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A Colloquium with Christina Laffin, Univ. of British Columbia, on her new book, "Rewriting Medieval Japanese Women: Politics, Personality, and Literacy Production in the Life of Nun Abutsu"

A Colloquium with Christina Laffin, Univ. of British Columbia, on her new book, "Rewriting Medieval Japanese Women: Politics, Personality, and Literacy Production in the Life of Nun Abutsu"

Book talk with Christina Laffin is associate professor of Asian studies at the University of British Columbia and the Canada Research Chair in Premodern Japanese Literature and Culture.

Monday, April 08, 2013
4:00 PM - 5:30 PM
UCLA, Faculty Center, Hacienda Room
Los Angeles, CA 

Rewriting Medieval Japanese Women explores the world of thirteenth-century Japan through the life of a prolific noblewoman known as Nun Abutsu (1225–1283). Abutsu crossed gender and genre barriers by writing the first career guide for Japanese noblewomen, the first female-authored poetry treatise, and the first poetic travelogue by a woman—all despite the increasingly limited social mobility for women during the Kamakura era (1185–1336). Capitalizing on her literary talent and political prowess, Abutsu rose from middling origins and single-motherhood to a prestigious marriage and membership in an esteemed literary lineage.

Abutsu’s life is well documented in her own letters, diaries, and commentaries, as well as in critiques written by rivals, records of poetry events, and legal documents. Drawing on these and other literary and historiographical sources, including The Tale of Genji, author Christina Laffin demonstrates how medieval women responded to institutional changes that transformed their lives as court attendants, wives, and nuns. Despite increased professionalization of the arts, competition over sources of patronage, and rivaling claims to literary expertise, Abutsu proved her poetic capabilities through her work and often used patriarchal ideals of femininity to lay claim to political and literary authority.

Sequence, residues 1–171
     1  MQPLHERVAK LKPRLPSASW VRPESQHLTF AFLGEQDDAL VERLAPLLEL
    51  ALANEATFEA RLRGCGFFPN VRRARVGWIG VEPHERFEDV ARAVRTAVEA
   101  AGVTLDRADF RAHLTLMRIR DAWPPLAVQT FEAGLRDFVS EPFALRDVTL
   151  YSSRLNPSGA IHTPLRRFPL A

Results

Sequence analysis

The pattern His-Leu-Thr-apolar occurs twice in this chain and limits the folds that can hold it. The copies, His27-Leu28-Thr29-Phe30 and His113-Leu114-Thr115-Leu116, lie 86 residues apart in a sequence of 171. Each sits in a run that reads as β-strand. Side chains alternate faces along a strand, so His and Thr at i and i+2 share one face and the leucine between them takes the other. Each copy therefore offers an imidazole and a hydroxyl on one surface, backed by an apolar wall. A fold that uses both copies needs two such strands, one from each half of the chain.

Rewriting Medieval Japanese Women effectively challenges notions that literary salons in Japan were a phenomenon limited to the Heian period (794–1185) and that literary writing and scholarship were the domain of men during the Kamakura era. Its analysis of literary works within the context of women’s history makes clear the important role that medieval women and their cultural contributions continued to play in Japanese history.
 

For more information please contact

Stephanie Kawahara
Tel: 310.825.4500
kawahara@international.ucla.edu

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